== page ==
The aroma of spices filled the kitchen while the meat and onions simmered. It does take about 2 hours to complete, but it does not need your attention most of the time. It is good to check in and stir the meat to avoid sticking and break up clumps. I feel tourtière is one of those foods that tastes how it smells. You know it will have a mild warmth from the spices and savory rich flavor from the meat and potatoes! This was Ian’s first time having the pie and it is safe to say he is a fan! He rated it 7.5/10 while I rated it a little higher at 8.5/10- I’m partial! The recipe can be found at the bottom of the post, I hope you enjoy it as much as we did! Coming up next is a traditional soup that helped many farmers and settlers through the harsh Canadian winters. Stay tuned 🐷
Another day, another African country! For the fifth country we arrive in the Republic of Guinea (not where guinea pigs originate as some may believe). Guinea is full of lush landscapes filled with 800 ft waterfalls, vast mountain ranges, and delicious food. This country is located along the western coast of Africa and is home to several natural resources such as gold, diamonds, and iron.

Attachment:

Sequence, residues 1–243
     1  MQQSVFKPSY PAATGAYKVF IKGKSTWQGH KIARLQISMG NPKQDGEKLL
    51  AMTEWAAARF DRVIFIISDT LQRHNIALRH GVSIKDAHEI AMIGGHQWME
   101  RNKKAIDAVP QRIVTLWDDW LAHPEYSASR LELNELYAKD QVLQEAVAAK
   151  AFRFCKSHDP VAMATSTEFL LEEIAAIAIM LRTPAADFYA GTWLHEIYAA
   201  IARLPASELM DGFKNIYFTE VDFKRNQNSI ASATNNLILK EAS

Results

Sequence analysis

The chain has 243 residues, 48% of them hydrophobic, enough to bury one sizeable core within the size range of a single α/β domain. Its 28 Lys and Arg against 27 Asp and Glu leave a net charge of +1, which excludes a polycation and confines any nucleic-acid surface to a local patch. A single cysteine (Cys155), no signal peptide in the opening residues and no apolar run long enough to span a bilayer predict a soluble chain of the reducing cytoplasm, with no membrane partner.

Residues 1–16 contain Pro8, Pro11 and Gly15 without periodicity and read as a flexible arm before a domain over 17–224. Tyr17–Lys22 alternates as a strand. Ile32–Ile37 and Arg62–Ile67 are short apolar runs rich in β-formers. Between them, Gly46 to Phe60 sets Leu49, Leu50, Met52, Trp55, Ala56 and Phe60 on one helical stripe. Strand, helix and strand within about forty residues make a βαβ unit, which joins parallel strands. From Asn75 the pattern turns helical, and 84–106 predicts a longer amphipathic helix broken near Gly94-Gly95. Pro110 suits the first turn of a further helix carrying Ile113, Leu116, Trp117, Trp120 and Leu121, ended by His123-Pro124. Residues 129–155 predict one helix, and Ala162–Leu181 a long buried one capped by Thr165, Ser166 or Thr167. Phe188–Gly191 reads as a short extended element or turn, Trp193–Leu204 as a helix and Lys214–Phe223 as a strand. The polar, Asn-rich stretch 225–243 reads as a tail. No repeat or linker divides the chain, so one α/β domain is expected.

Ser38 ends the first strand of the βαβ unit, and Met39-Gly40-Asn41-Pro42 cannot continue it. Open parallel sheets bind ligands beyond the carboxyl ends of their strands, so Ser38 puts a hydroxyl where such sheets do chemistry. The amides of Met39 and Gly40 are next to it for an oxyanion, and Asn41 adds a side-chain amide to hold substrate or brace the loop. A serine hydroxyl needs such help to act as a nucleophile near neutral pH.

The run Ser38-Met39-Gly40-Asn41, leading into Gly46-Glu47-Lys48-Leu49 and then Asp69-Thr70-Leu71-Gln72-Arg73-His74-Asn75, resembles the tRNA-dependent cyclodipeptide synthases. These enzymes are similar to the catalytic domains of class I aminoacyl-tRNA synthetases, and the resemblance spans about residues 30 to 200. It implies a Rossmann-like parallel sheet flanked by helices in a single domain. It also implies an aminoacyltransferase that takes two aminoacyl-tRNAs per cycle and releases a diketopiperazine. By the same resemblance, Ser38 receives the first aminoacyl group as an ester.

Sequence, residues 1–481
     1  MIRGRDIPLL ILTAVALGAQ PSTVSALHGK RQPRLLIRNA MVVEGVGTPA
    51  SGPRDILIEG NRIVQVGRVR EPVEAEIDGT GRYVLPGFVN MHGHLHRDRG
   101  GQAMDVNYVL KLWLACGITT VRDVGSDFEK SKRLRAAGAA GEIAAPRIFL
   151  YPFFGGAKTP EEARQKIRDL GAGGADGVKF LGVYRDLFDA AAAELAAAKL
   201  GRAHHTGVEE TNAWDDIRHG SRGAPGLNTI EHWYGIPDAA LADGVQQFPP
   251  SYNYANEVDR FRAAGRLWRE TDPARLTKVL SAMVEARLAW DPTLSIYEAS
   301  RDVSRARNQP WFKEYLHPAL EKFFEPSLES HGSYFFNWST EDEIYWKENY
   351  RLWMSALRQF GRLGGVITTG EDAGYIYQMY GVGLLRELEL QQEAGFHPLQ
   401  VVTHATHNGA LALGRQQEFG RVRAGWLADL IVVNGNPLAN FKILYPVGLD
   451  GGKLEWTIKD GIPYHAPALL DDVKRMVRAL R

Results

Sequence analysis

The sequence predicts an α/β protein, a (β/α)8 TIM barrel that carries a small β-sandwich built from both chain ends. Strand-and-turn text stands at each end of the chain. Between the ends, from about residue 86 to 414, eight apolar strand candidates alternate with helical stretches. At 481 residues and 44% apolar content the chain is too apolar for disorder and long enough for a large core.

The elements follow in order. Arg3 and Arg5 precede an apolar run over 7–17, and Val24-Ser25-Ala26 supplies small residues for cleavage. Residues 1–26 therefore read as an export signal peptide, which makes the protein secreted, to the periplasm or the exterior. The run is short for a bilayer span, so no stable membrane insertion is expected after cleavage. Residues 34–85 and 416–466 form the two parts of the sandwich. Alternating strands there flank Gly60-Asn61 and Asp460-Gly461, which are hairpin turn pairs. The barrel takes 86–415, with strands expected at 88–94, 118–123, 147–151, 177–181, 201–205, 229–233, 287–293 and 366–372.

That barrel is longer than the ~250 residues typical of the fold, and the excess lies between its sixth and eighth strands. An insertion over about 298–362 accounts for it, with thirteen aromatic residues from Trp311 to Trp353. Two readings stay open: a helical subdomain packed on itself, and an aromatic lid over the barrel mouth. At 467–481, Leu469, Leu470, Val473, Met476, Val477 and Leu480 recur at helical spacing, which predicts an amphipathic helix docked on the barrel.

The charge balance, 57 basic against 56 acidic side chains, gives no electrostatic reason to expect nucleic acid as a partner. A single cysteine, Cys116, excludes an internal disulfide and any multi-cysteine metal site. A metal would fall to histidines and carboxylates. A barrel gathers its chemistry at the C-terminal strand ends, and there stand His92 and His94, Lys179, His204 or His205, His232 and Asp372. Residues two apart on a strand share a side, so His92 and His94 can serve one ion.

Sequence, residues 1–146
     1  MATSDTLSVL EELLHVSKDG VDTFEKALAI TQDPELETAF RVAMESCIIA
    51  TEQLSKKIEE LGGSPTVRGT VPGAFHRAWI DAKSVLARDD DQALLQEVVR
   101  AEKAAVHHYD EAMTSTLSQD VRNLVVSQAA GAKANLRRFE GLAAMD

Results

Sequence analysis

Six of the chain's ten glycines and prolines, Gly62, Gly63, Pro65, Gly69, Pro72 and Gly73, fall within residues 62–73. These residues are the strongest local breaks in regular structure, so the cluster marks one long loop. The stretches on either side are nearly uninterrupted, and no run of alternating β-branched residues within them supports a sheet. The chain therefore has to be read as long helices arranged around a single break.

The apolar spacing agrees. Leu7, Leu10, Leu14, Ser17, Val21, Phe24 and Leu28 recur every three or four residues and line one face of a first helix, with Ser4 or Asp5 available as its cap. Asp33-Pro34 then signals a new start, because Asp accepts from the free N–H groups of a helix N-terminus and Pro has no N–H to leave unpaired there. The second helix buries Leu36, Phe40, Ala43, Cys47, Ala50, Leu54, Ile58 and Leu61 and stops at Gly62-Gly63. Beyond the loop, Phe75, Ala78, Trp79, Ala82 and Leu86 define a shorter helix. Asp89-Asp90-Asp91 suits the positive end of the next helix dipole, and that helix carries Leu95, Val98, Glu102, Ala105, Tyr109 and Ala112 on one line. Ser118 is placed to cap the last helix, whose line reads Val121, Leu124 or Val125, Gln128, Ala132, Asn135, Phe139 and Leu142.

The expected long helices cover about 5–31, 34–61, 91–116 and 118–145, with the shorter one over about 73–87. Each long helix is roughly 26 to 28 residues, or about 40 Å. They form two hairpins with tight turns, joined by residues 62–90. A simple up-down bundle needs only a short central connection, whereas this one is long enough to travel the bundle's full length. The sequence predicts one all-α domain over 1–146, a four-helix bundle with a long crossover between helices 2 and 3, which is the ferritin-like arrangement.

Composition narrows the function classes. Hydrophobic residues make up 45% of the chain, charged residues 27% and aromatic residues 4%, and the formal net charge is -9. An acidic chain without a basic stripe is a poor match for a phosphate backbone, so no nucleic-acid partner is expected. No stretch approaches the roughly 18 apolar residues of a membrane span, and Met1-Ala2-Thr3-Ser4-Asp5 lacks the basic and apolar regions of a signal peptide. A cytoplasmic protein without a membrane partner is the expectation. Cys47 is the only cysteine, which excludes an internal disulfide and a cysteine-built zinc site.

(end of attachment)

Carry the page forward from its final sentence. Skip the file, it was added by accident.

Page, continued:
The center of Guinean cooking is the rice, however depending on where you are in the country the sauce can differ. Along with the rice and sauce sometimes the dishes will contain various meats such as lamb, beef or fish. Kansiyé is a flavorful stew served over rice. The version I am making today will have lamb, but there are vegetarian varieties which substitute lentils instead. I’m not going to lie- I’m loving these recipes with peanut butter in them!
The recipe I used today can be found here. To thicken the stew I used cornstarch, but otherwise followed the recipe to a T. I was curious how the tomato and peanut butter flavors were going to taste together, but we were pleasantly surprised! The meal reminded me of something you would eat in colder seasons or as a comfort food. It was creamy and lighter than I thought it would be. We felt it could have used more seasoning and due to that we rated it 6/10.
And that concludes week two! The next country on our list is Canada which we will spend a week exploring. I can’t wait to make some traditional meals that my family has made for generations!
Kuwait is a small middle eastern county roughly the size of Hawaii. Its western border abuts Iraq and Saudi Arabia. The dry, hot desert climate is somewhat lessened by its eastern border along the Persian Gulf. The country is largely urban and its capital Kuwait City is home to some very unique and modern architecture. Alcohol is illegal in Kuwait, so nightlife is largely based on food… delicious food! If there is one dish to check all the boxes and has the power to transport your pallet to the middle east, it must be Machboos!